Our salt and pepper shrimp recipe is perfect if you’re looking for an easy yet restaurant-quality dish. The chewy shrimp, with their crunchy coating, are tossed in a garlicky salt and pepper mixture. The dish is a real crowd pleaser!
What is Salt and Pepper Shrimp?
Salt and pepper shrimp is a popular dish that comes from Cantonese cuisine. You can easily find it at any Chinese restaurant.
The shrimp are lightly battered and fried to a golden, crispy texture. The salt and pepper mixture is then sprinkled over the shrimp at the end of the cooking process for the distinct aroma and spicy-salty taste.
The dish has a few equally popular cousins, like salt and pepper chicken, salt and pepper ribs, salt and pepper squid, or salt and pepper tofu.
If you like a little crisp to your shrimp, this recipe is the one. Another dish that also offers a slightly similar mouthfeel is this Honey Walnut Shrimp Recipe, which comes with an added nutty crunch.
Is This Recipe Healthy?
The short answer is yes, our salt and pepper shrimp is healthy.
Shrimp, the main ingredient in the recipe, is an excellent source of vitamins and minerals, including iodine, selenium, and vitamin B12. Besides, this seafood is low in calories and high in protein. In 3 ounces of raw shrimp, there are up to 11 grams of protein and only 60 calories.
Each serving of this salt and pepper shrimp contains approximately 500 calories, leaving plenty of room for side dishes. We also made sure that the amount of sodium and saturated fat, while contributing well to the overall taste, was within our healthy limits (486 mg and 0.9 g, respectively).
If you’re looking for more healthy shrimp recipes, check out our X recipe and Y recipe. They are both straightforward and make for delicious treats at home.
Large shrimp are ideal for this salt and pepper shrimp recipe since they don’t overcook and remain chewy once fried in hot oil. Also, remember not to peel the shrimp for this dish. Once deep-fried, the shell offers a crispy exterior that is edible if you fry the shrimp properly.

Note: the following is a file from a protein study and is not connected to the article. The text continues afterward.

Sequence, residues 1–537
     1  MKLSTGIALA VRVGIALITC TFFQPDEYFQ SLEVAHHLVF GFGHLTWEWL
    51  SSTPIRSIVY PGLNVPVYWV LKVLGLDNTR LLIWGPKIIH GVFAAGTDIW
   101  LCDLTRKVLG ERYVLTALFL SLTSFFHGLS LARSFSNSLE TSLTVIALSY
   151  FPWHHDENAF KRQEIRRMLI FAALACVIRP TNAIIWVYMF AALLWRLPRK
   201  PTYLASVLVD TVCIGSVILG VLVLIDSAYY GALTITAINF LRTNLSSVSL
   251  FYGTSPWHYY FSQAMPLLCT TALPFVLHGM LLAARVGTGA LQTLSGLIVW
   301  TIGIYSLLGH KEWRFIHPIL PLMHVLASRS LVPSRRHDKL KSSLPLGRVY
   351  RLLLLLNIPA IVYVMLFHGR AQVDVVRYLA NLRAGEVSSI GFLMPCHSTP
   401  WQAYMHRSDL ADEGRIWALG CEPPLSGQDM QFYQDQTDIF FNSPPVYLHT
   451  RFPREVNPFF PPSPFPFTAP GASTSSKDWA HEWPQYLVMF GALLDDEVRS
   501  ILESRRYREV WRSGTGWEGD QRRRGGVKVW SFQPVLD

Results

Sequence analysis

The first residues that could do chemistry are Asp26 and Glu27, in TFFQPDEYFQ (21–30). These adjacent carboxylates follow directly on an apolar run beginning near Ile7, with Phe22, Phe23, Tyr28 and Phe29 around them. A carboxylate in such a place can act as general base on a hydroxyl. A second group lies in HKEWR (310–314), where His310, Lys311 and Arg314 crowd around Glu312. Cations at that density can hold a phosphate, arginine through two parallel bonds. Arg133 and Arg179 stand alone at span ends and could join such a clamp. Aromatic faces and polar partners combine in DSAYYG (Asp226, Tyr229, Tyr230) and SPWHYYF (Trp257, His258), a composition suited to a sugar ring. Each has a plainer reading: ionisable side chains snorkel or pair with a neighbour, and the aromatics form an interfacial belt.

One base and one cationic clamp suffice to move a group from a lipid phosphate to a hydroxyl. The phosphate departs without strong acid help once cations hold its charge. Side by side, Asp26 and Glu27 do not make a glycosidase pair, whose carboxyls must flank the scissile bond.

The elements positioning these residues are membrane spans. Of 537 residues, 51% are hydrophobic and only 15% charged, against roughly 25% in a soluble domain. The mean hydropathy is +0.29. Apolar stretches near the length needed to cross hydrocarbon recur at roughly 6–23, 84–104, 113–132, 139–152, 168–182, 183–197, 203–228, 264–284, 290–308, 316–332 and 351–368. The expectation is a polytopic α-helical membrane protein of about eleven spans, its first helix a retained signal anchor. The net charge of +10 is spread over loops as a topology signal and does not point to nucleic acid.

There are two important factors for creating the irresistible crunchy coating for the shrimp: the shell-on and the coating. First of all, pat the shrimp with kitchen paper to remove all the excess water. Then coat the shrimp evenly and generously in cornstarch.
We tried a more complex version by adding a touch of garlic powder, giving the coating more flavor. Add-ins for the coating can vary depending on the chef or home cook.
3. Salt and Pepper Mixture
Any pepper variant: white, black, or a combination will work in this recipe. You can prepare this key seasoning with any pepper type you have in the spice cabinet as long as it’s still fresh and of high quality.
Making the famous salt and pepper mixture is actually very easy: In a small pot over medium-low heat, dry roast the seasoning mixture of salt, ground pepper, and Cajun seasoning. Slowly stir until the salt turns slightly yellow and the spices are fragrant. Adjust the heat as needed so as not to burn them.
Remove the skillet from the heat and now you have your own salt and pepper mixture. You can prepare the spice mixture in bulk, store it in a jar, and use it in whatever “salt and pepper” recipe you want to try.